John Thyne does not blink. Nor, it seems, does he waste much time. Since moving to Santa Barbara in 1999, he’s started three companies, the best known of which is the real estate firm of Goodwin & Thyne. He gives blood 57 times a year, is active with Our Lady of Sorrows, and is president of Santa Barbara Catholic Singles Club. He was president of Leadership Santa Barbara, teaches at Santa Barbara College of Law, and participates with the Teddy Bear Cancer Fund. And now he wants to serve on the City Council. Thyne said he hopes to combine his sense of social justice, inculcated through his Catholic upbringing, with a business-minded pragmatism.
With voters angry, scared, and frustrated, Thyne said he worries there could be a backlash. “What’s at stake is overreaction,” he said. “The pendulum has swung too far to the left. Now it could swing too far to the right. It’s a very reactionary election.” As an outsider – despite the breath of his civic involvement, Thyne has no experience on city boards or commissions – Thyne contends he can help City Hall out of the entrenched habits that helped put it behind the fiscal eight-ball. Typically city departments are budgeted based on what they spent the previous year. This system, Thyne said, rewards departments that spend all their money, but does not reward departments that save money through efficiencies.
In the long term, Thyne said City Hall should apply for a grant from the Public Utilities Commission to install car battery charging stations in Santa Barbara. “We should be part of the electric car infrastructure,” he said. “It’s a green technology that will bring jobs and money to Santa Barbara.” In the short-term, however, Thyne said City Hall should not impose any kind of new “sin tax” on downtown bar owners. City statistics fail to reflect all the business that bar patrons generate for nearby stores, thus understating the full contribution bars make to city revenues. “When you try to effectuate behavioral change by taxing people,” he said, “it will lead to the slippery slope of social inequity.”
Thyne said he saw the gang stabbing on State Street that rocked Santa Barbara two years ago. “I was there,” he said. “I saw Angel get killed.” Kids will join gangs, he argued; it’s their nature to belong. City Hall needs to provide safer alternatives. And the numbers are manageable. Of the 450 juveniles associated with gangs in Santa Barbara, he said 110 were the hard core trouble-makers. He also argued City Hall needs to consider imposing a gang injunction targeting known gang members and prohibiting them from certain locations and activities. Law enforcement officials have been decidedly lukewarm in their response, noting that injunctions are exceptionally labor intensive, expensive, and not uniformly effective. Thyne credited gang injunctions with reducing youth violence in Oxnard, Los Angeles, and Lompoc by 30 percent. “People who say we just need to love our children do not appreciate the scope of the problem in Santa Barbara,” he said.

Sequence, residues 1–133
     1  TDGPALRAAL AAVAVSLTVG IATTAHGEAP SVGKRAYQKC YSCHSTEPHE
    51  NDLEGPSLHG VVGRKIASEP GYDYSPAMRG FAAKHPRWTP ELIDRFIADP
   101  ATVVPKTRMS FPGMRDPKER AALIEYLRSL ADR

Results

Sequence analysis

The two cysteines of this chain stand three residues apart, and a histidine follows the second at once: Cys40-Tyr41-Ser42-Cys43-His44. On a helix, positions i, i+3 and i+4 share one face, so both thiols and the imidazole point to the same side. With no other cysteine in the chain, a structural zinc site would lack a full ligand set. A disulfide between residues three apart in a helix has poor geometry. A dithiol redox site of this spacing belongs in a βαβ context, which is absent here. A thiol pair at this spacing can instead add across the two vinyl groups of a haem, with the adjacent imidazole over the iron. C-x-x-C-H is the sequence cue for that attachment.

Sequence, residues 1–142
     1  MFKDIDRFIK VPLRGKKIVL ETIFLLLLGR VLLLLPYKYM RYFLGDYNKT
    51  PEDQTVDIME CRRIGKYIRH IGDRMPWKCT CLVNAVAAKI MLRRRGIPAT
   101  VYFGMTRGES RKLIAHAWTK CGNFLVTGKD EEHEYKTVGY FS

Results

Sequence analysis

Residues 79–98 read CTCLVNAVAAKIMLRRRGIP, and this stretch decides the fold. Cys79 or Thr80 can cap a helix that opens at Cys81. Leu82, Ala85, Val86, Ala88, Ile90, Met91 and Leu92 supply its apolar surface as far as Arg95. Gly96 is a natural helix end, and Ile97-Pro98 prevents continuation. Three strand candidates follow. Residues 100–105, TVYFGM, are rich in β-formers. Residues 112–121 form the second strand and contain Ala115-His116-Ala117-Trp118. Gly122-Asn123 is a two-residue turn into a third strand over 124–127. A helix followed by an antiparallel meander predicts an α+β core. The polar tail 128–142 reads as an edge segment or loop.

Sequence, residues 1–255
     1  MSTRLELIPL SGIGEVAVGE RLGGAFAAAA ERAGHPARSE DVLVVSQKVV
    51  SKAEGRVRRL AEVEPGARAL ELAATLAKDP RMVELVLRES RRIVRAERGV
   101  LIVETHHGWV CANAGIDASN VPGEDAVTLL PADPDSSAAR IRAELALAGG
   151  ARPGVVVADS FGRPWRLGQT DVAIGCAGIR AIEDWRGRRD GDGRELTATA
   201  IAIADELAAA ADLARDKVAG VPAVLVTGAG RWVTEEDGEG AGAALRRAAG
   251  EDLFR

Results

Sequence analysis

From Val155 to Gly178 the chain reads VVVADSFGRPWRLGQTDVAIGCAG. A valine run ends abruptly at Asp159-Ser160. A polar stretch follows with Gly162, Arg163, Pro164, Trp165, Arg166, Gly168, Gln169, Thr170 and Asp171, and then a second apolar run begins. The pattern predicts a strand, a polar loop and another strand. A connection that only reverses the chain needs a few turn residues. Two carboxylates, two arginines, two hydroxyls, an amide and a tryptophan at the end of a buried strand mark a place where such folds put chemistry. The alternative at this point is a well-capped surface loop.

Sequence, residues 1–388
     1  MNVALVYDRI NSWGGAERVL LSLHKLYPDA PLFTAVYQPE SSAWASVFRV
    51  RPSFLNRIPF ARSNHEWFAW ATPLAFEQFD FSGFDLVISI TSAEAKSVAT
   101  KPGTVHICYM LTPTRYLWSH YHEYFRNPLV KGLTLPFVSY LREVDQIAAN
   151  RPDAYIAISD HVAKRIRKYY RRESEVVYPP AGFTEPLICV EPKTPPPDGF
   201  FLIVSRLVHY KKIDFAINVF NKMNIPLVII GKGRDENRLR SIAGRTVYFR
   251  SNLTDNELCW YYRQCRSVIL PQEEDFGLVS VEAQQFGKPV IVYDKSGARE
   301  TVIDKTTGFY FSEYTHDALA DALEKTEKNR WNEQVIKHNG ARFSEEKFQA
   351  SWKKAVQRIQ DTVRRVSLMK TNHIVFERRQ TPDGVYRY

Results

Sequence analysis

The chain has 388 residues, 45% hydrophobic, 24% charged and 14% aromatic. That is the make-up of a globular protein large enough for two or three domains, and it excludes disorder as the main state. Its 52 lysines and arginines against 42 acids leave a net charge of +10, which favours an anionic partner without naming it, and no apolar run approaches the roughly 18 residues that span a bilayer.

Thyne grew up in Boston, where his family experienced an economic roller coaster. His brother is a famous TV actor, who has contributed generously to Thyne’s campaign. Initially, there was great buzz about Thyne’s candidacy. Given the city’s budgetary woes, Thyne’s business savvy was clearly an asset. Nor did it hurt among liberal voters that councilmember Das Williams was whispering nice things about Thyne’s commitment to social justice. In his first fiance report, Thyne revealed he’d raised more than any council candidate: $54,000. But when it subsequently came out that Thyne violated the terms of his probation on an earlier DUI conviction by driving after having a couple of drinks – he was not legally drunk – his campaign appeared to falter. In his second campaign finance statement, Thyne had raised only $2,000 over two months. But Thyne insists that his campaign remains buoyant, and that he raised $12,500 in just one fundraiser.
Thyne advocates a return to district elections, which will mend the disconnect between City Hall and city residents. “Right now, if you have a problem, who do you go to? Which councilmember is your councilmember?” he asked. “The at-large system is not a practical way to hold them accountable.” Thyne has opposed Measure B, arguing that the construction of three ugly buildings on Chapala Street hardly constitutes sufficient justification to amend the city’s charter. “If you don’t allow more housing downtown, where do you think it will go?” he asked. “It will sprawl out to the outlying neighborhoods. You can’t legislate reality.”
Like many of the candidates running for office, Thyne expressed concern at the sheer size of the contributions made by Randall Van Wolfswinkel. “Some people like the man. Some don’t,” he said. “But whether he’s a good guy or not, we all can agree that the money and political influence need to be less intertwined, not more.”